tv The Rachel Maddow Show MSNBC April 15, 2017 3:00am-4:01am PDT
and take on whatever comes next. find out how american express cards and services can help prepare you for growth at open.com. thank you for joining us this hour. even though the weekend is coming up. even though the weekend is coming up. even though it's a holiday weekend for many because of easter, it is still likely to be a very busy few days in the news coming up even through the weekend and into the beginning of next week. sort of an unusually forward-looking friday night. usually at a time like this we'd be looking back over what happened last week. now we're on the precipice of a whole bunch of news that's about to happen. tomorrow in washington, d.c., as joy and other people have been reporting tonight, in d.c. and in dozens of cities around the country, there are going to be tax marches tomorrow.
marches in more than 100 cities on tax day to call on president donald trump to finally release his tax returns. he is the only president in the modern era to do that. we don't expect those marches tomorrow to be as big as the marchers that took place right after the inauguration, the women's marches. i don't know that any american protests will ever be that big ever again. but still, what happens tomorrow might be theiggest anti-trump protests that have happened since the women's marches. we shall see. also expect over the course of this weekend an increasing pace of legal pressure and media attention and political pressure. maybe protests as well focusing on the state of arkansas because on monday night, arkansas is due to start this remarkable series of doubleheader executions.
we talked about this last night. you probably heard about this in the news. arkansas has scheduled eight executions. they plan to kill eight prisoners over the course of ten days. their plan is to kill two men a night on four different nights over a ten-day period starting on monday. so far the courts have blocked two of the eight planned killings, including one of the executions that was planned to be on monday night. no state has done a mass execution like this since capital punishment was reinstated in the 1970s. arkansas has not executed anybody in 12 years. arkansas has never executed anybody ever with one of the drugs they are trying to rush to kill all these guys with. the idea of a doubleheader execution, even just one doubleheader execution, let alone four in a week and a half, that is something that other states with more experience in capital punishment, they have warned against doing that. they say trying to do two in one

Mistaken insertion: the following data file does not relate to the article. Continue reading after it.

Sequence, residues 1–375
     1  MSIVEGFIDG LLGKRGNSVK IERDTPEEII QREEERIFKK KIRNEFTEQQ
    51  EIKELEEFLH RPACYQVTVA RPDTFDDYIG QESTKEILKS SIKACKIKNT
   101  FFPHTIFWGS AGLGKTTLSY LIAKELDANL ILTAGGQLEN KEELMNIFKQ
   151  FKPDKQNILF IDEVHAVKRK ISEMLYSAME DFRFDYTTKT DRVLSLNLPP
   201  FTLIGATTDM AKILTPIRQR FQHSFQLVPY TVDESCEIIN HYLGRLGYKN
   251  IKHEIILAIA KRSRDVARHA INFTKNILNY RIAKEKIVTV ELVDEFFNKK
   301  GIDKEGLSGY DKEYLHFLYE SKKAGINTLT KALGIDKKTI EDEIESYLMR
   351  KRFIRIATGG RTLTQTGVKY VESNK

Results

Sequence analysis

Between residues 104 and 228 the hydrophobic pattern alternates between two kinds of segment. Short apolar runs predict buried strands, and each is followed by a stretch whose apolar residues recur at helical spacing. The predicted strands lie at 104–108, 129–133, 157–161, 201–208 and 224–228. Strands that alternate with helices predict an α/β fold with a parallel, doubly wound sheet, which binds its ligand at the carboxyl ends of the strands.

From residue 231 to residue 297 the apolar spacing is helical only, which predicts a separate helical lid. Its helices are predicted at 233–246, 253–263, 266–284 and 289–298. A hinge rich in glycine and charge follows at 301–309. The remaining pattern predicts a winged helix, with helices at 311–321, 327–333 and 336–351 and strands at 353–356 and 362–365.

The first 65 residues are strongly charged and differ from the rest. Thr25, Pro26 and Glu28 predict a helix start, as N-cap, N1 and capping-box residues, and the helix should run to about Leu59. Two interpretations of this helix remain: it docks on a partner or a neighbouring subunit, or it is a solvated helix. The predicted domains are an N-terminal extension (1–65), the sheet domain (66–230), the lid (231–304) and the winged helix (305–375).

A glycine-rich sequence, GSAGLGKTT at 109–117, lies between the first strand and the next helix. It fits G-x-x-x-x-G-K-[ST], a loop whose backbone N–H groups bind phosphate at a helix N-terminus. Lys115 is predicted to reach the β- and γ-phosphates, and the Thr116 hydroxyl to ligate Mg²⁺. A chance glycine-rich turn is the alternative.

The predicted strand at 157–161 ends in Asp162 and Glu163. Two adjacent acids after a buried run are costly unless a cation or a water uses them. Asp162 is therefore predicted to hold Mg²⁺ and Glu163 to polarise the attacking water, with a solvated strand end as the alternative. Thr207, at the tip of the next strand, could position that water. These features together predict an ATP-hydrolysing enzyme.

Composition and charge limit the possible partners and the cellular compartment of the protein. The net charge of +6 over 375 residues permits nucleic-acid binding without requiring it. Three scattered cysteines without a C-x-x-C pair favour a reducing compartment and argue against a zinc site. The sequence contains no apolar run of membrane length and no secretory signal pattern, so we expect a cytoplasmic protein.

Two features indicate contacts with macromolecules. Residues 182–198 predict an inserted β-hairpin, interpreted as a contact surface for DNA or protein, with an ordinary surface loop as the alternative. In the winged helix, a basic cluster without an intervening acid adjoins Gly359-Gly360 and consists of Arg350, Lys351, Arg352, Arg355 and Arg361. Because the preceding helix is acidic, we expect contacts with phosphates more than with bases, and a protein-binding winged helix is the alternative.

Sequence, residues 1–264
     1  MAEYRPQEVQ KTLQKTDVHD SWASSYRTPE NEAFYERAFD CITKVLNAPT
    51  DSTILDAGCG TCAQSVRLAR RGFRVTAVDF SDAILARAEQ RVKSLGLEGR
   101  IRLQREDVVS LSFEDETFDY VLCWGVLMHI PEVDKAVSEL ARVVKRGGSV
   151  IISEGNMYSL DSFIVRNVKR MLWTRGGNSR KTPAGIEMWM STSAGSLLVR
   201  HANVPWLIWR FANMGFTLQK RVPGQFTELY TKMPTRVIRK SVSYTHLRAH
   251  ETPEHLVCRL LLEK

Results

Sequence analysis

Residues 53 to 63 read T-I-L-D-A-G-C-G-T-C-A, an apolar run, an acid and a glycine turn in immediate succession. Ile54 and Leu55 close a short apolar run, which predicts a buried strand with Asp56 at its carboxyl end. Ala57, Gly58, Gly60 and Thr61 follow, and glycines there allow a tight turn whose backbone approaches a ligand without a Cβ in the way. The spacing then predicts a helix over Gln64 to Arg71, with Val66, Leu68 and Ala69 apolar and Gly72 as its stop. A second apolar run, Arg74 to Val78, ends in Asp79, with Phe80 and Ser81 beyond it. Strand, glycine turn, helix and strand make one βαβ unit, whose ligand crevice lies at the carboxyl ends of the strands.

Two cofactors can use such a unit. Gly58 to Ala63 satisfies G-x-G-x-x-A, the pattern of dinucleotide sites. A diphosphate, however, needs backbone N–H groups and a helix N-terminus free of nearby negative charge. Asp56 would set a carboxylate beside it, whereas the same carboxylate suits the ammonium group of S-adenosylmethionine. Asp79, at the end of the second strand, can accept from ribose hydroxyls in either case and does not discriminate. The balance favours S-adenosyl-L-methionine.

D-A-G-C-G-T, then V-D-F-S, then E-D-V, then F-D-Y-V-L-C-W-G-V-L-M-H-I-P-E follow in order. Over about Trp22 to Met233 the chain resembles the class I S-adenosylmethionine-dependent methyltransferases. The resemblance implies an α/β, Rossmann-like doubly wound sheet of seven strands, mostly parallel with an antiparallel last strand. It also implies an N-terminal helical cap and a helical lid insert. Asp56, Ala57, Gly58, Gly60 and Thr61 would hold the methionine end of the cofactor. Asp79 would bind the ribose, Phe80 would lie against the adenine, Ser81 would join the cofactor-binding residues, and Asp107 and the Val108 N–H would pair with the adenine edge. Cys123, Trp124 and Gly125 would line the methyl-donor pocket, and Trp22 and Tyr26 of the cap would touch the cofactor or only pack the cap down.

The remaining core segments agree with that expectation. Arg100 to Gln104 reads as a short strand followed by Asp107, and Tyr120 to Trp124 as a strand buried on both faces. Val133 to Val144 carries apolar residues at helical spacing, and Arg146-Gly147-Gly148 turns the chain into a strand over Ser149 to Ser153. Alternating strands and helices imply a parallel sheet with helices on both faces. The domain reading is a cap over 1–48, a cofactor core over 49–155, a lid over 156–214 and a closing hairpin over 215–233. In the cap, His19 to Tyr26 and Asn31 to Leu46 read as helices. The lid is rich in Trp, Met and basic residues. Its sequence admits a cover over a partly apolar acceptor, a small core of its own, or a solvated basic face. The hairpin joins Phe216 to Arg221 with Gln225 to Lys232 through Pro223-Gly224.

night makes it much, much harder on the execution staff and on the medical teams particularly if they are inexperienced. again, that execution spree in arkansas is supposed to start on monday night. you'll likely see a bunch of headlines about it late tonight, tomorrow and through the weekend. just tonight, just as i was coming down to the makeup room and into the studio, just within the last few minutes, a court put in place a temporary restraining order that blocks the use of one of the three drugs the sta was planning to use for these lethal injections. the court has just blocked this drug that is not even the most controversial of the three drugs they were planning using. so, that ruling was just tonight. just happened within the last hour. the state says they are apparently going to appeal that ruling. so, we'll see. right now its a temporary restraining order that says the state can't use for any of those executions one of the drugs it was planning on. expect the legal wrangling and
the appeals and the political pressure and the media attention to stay heavy and to increase over the course of the weekend. again, arkansas wanted to start killing those guys on monday. right now it's not clear they'll be allowed to kill any of them. on top of all that, there's also going to be a lot of electoral politics news over the next few days because on tuesday of next week there's that big congressional election in georgia where democrats are trying their darnedest to take a congressional seat that has been red for decades. this is health secretary tom price's old seat. democrats have coalesced around a young georgia democrat jon ossoff. republicans say democrats have no chance. we'll find out soon, though. early voting in that race ended today and elections day itself will be on tuesday. you should expect a lot of attention to that over the weekend.
this is has already been a very busy week in the news. early next week is stacked up with a bunch of really big things in the news. but before we even get to that stuff early next week, we do have to make it through tonight and this weekend. part of the new uncertainty around that, the reason lots of people in the news business canceled plans because this weekend is the birthday of kim il-sung, who's the founding president of north korea. of course, it's a birthday. happens every year. this year it's happening while we, too, in our country have a new president and our new president has just had a particularly balmy week. bomby as in bombs away. not as balmy as nice weather in mar-a-lago. last night the new president abandoned his long-held public, emphatic insistence the united states should not launch attacks on syria even if syria used